Cockpit Chocks?


So- we have these random chocks in the footwell of the cockpit (see attached photos). We don’t have anything on the boat that fits these chocks so we can’t figure out what they’re for.

I’m inclined to remove them (they do bite quite a bit while moving around in the cockpit), but before we do, we wanted to see if anyone would have any ideas.


Mike: Hi!

We have chocks around Zygote’s footwell. Z’s cockpit chocks are not the same as yours, I don’t think I’ve been on board a BCC with your style of cockpit chock, but I suspect that your chocks could perform the same function as those on Z.

Before I elucidate further, I’ll say that I am jealous of your cockpit winch storage. Looks wonderful!

Back to Zygote and her cockpit chocks:

When we commissioned the building of Z, our intention was to cruise her in tropical and sub-tropical waters.

Roger D. Olson had been president of Sam L Morse Co. from I think 1992 to 1998. Roger had cruised his first BCC, Xiphias, from the US to Thailand. And brought back to Sam L. Morse Co a big mob of innovative ideas to improve a BCC for long distance cruising. Roger also collected ideas from other owners. As president, he built BCC Nereus, incorporating many of those innovations, to show to prospective customers.

We chose to adopt several of those innovations.

Among them - and relevant to your post about cockpit chocks - were:

  • a teak grate to sit on the bottom of the cockpit footwell. The teak grate keeps feet dry, provides a better gripping surface than the standard GRP non-slip pattern, and is one of the several items that add pleasant timber/traditional look and feel to what otherwise is a plastic bucket of a boat;

  • a set of timber chocks, in Z’s case plain linear chocks just below the rim of the cockpit foot well, that can support that teak grate. The deal being that I can pick up the teak grate from the bottom of the footwell and then establish it on those chocks. The grate then turns the cockpit (from bridge deck to poop deck) into a flush deck. And, if the tiller is removed from the rudder head or if you have folding tiller, that flush deck is just perfect as: (1) a bunk for two or more either when moored or under way (especially in tropical or sub-tropical conditions - who wants to be in the cabin when the temperature and humidity above deck are just peachy?); (2) entertaining; (3) working (on most anything that needs a large work surface, from canvas work to setting up an LMG - with belt feed - on a tripod). I’ve even used Z’s grate in the flush deck position when sailing with the rudder under Wind vane or autopilot control.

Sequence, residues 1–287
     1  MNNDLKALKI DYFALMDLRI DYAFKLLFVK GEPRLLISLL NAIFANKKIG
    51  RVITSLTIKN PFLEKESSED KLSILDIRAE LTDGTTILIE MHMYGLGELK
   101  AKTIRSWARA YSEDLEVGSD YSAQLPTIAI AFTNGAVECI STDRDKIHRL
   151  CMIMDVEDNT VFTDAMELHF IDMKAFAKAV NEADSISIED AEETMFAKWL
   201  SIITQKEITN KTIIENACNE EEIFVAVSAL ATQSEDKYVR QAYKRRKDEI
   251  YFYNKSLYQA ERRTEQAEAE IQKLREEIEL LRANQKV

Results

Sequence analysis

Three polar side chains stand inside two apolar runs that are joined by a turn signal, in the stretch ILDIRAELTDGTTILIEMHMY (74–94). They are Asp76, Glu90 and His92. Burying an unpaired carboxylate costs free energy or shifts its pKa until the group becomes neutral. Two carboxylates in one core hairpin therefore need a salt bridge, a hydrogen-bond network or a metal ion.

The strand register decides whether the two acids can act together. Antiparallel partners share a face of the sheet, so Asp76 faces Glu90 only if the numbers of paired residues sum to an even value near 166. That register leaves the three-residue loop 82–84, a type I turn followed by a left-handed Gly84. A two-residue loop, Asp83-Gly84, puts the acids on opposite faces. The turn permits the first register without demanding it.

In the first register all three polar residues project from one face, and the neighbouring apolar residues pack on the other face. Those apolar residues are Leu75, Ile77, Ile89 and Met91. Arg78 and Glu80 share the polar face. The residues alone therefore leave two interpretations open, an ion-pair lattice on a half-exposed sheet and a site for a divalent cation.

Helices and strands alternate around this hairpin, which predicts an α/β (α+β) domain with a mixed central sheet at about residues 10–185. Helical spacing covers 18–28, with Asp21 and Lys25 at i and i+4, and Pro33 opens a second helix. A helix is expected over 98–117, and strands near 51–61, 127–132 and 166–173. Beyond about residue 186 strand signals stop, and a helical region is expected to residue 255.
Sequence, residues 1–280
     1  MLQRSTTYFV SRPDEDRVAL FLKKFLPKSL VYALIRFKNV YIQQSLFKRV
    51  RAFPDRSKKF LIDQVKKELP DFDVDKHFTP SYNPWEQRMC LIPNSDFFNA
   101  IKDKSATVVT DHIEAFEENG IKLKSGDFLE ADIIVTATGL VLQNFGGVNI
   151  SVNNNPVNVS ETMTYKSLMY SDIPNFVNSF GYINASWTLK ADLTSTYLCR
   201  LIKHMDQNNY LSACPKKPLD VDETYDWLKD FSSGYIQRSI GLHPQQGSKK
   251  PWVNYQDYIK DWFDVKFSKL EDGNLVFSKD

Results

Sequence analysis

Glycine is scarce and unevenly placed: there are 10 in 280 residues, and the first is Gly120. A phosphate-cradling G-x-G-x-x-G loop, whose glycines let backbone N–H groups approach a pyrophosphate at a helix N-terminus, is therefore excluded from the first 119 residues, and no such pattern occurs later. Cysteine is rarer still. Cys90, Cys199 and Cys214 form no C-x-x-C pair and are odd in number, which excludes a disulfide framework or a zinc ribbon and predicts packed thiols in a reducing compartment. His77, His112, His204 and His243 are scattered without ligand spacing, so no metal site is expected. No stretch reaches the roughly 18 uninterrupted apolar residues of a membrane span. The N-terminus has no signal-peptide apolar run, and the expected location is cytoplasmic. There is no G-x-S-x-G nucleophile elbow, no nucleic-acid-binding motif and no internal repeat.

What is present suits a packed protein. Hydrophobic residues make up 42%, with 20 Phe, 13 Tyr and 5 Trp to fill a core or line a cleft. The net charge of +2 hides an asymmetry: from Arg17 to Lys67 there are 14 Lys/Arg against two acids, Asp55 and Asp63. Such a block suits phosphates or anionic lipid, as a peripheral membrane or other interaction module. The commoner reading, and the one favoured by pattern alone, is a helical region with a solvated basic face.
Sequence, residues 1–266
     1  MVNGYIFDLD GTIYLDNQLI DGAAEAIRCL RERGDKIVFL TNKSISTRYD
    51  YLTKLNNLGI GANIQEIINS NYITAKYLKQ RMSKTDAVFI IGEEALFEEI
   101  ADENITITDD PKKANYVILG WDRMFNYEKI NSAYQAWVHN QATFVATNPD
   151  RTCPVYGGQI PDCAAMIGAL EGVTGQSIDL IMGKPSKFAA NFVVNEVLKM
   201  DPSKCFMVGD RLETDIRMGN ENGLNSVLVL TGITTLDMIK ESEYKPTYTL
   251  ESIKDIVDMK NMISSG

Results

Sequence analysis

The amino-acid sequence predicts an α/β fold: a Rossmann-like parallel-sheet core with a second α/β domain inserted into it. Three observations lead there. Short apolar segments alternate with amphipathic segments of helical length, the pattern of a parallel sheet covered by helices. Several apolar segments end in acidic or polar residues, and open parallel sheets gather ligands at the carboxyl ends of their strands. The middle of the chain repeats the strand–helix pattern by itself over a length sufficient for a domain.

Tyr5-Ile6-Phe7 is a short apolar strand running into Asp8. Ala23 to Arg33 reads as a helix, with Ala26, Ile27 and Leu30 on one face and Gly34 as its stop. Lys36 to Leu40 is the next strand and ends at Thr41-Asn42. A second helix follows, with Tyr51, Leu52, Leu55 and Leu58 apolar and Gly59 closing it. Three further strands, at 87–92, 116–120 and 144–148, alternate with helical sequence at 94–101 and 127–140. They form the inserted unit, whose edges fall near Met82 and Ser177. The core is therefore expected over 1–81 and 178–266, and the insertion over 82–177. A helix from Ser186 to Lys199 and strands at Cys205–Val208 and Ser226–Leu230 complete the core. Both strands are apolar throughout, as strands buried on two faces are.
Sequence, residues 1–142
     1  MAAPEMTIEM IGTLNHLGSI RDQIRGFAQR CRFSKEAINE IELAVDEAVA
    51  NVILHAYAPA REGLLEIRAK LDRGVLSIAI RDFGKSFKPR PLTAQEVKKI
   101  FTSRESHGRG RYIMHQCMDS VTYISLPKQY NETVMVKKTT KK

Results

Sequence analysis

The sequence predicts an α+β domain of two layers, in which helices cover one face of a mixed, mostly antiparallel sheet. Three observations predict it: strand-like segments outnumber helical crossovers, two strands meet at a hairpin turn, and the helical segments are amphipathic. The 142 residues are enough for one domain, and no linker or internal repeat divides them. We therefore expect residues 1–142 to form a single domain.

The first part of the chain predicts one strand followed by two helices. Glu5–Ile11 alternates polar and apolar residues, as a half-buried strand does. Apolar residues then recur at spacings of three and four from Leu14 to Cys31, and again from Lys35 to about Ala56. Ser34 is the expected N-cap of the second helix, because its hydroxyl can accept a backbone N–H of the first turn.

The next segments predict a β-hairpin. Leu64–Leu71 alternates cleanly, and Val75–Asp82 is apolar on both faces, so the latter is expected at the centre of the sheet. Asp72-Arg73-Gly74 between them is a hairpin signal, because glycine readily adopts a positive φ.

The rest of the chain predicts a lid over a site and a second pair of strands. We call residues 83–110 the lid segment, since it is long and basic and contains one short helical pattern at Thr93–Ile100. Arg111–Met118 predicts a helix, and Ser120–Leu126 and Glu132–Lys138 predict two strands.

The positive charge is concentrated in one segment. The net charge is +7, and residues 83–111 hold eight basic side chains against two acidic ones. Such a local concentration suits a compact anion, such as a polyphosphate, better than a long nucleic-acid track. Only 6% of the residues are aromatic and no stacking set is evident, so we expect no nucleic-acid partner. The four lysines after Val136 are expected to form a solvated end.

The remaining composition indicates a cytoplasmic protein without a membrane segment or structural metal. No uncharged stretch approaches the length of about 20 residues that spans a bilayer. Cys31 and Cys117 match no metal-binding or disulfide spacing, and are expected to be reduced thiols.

Of course, a BCC is a boat. And that means it’s a compromise. Cockpit chocks, whether in the style that Z has or what you have, have negatives. My shins have met Z’s cockpit chocks a time or three. But they add a function that is quite neat.

As I noted above, I reckon your chocks would do the job of supporting a grate that otherwise could be used at the bottom of your footwell. Your chocks might have other functions: do you have any pieces of tubing that fit neatly into the U of those chocks?

Have you the opportunity to talk to the Previous Owner (or the owner who commissioned your boat)?

The case of your cockpit chocks is a good argument for all BCC owners detailing in an Owner’s Manual the idiosyncrasies of our individual boats. They’re not cookie cutter production boats. And most every BCC I’ve been aboard has an innovation due to its build or its owner(s).


I would be dropping a round bar in those chocks on either side depending on the tack. They are for us short legged people to brace our feet on.

Hello Bil,

Do you have some photos of your setup that you (and others) can share?

This is a great idea to expand the functionality of the cockpit.